This breathless book by Damien Broderick purports to be a broad introduction to what others call transhumanism or a coming technology singularity. Broderick takes the name "Spike" from the form of a simple exponential graph: shallow, slight curve to the left moving to violent upward thrust to the right.

Essentially successful (the reader gains an insight into why transhumanists believe as they do) but deeply flawed, Broderick, presumably making some pseudo-intellectual point, chooses some of his sources very poorly. The usual suspects are all there: Eric Drexler; Vernor Vinge; Freeman Dyson. But then he also chooses to quote, at length, Lyle Burkhead, Richard Neville and Barry Jones (respectively a holocaust denier, a loony journalist, and a quiz-show winner).

The central thesis of the book doesn't deviate at all from standard singularity doctrine, viz:

  1. computers in 2000 had the processing power of a mosquito
  2. humans have 30,000 times more processing power than a mosquito
  3. computer power is doubling every year
  4. doubling every year means a 1,000-fold increase every 10 years
  5. therefore, human level processing power (and hence intelligence) will emerge from computers sometime soon after 2015 (this trivial math is left to the reader here - it's explicit in the book)
  6. ten years after that, they will be 1,000 times more intelligent than us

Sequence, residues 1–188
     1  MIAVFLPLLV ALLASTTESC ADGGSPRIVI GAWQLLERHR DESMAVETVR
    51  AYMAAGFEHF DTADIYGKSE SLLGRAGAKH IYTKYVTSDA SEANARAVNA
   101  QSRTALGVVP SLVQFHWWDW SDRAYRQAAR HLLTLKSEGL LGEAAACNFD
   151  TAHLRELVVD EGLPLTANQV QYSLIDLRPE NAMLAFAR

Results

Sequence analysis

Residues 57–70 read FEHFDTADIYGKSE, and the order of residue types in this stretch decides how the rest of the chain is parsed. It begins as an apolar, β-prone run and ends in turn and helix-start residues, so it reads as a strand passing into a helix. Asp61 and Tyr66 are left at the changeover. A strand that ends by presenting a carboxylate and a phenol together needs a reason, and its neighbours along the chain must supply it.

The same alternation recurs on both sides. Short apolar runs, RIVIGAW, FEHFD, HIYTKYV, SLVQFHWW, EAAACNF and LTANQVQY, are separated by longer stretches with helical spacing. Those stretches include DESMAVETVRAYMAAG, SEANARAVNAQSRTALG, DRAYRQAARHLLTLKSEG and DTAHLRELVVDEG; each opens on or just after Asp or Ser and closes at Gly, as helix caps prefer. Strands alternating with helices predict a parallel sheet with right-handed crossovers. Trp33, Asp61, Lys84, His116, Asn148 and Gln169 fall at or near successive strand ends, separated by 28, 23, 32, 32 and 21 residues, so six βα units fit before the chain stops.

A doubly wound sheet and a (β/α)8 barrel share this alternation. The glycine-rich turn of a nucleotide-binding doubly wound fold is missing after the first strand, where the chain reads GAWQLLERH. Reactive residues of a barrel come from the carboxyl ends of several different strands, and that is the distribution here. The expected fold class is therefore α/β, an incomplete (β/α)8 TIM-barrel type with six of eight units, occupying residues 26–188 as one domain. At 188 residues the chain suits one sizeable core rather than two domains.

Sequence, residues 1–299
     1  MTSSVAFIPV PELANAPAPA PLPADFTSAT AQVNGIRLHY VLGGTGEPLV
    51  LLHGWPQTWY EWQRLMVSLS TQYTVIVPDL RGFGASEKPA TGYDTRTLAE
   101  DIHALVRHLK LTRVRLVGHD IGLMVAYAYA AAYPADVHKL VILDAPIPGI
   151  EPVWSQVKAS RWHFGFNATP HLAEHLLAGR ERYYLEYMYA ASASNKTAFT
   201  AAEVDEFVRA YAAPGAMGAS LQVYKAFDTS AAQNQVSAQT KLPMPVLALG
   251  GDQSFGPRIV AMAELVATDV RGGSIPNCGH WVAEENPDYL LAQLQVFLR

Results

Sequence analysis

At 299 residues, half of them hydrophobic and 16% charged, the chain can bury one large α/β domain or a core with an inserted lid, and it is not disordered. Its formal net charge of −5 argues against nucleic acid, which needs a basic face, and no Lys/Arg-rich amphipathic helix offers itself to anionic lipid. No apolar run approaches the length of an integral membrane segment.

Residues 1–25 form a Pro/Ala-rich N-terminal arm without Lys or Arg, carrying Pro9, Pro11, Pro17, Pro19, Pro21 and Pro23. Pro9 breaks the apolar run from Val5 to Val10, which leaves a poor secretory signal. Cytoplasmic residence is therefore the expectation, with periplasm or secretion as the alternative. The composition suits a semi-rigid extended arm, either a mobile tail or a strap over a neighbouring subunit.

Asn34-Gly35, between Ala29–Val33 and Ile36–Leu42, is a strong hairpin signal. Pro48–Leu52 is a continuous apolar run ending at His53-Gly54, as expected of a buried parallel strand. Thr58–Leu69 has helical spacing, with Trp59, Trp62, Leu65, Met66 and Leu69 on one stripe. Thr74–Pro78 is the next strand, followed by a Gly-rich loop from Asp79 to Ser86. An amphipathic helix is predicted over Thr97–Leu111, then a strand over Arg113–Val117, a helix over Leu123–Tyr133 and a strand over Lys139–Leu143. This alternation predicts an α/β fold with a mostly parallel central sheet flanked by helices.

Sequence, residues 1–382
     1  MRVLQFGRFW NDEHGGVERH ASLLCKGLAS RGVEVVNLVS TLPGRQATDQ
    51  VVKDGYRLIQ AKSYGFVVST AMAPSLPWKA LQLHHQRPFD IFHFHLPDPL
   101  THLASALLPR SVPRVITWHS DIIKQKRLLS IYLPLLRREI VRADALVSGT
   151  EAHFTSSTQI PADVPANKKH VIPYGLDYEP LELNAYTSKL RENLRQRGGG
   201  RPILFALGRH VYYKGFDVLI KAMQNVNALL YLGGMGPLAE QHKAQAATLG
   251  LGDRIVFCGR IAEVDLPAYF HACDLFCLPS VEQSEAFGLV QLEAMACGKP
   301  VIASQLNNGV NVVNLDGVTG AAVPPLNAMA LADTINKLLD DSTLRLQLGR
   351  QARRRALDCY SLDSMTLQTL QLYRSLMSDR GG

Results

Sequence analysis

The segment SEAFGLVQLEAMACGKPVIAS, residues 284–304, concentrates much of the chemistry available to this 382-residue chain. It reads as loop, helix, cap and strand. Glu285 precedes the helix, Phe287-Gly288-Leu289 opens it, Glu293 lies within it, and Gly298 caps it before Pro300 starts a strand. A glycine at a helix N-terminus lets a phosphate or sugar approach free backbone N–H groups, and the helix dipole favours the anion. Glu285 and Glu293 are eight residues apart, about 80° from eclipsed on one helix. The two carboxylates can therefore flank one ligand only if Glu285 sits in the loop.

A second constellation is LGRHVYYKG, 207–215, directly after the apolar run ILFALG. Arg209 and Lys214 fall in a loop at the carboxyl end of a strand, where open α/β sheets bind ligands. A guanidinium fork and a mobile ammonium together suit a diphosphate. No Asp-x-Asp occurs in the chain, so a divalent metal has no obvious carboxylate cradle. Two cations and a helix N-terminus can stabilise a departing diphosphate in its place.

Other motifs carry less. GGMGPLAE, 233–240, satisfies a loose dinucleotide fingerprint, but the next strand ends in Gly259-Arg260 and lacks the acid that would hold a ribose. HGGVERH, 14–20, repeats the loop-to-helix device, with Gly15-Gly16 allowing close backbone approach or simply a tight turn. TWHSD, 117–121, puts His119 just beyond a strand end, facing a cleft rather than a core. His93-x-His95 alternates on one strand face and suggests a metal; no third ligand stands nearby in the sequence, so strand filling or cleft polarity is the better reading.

7. they solve everything (including, of course, low-energy nanotech); we party hearty / become energy beings of pure thought / get snuffed out by the machines.

Of course it's clear to any analysis that apart from point 4, which is simply maths, all the other points are rather controversial, and rest on thin understandings of what are immensely complex issues. Issues that are not limited to, but certainly include fluffy things like motive and belief. It's a strength of the book that it doesn't shy away from these problems, and at the very least mentions them and the usual objections of the (multitude) of doubters.

If you can go along for the ride, accept all the assumptions, imagine you're watching a James Cameron film and just give the storyteller killing machines that know why we cry, then the most enjoyable part of this book emerges. Broderick does manage to pull together a vast array of terrifying and breathtaking visions (in equal number) of the future between two covers and in less than 400 pages. Visions, I might add, that are captivating the energy and research budgets of a lot of very talented and gifted thinkers.

It's certainly worth a look, if only for the special effects.


ISBN 0-312-87782-X

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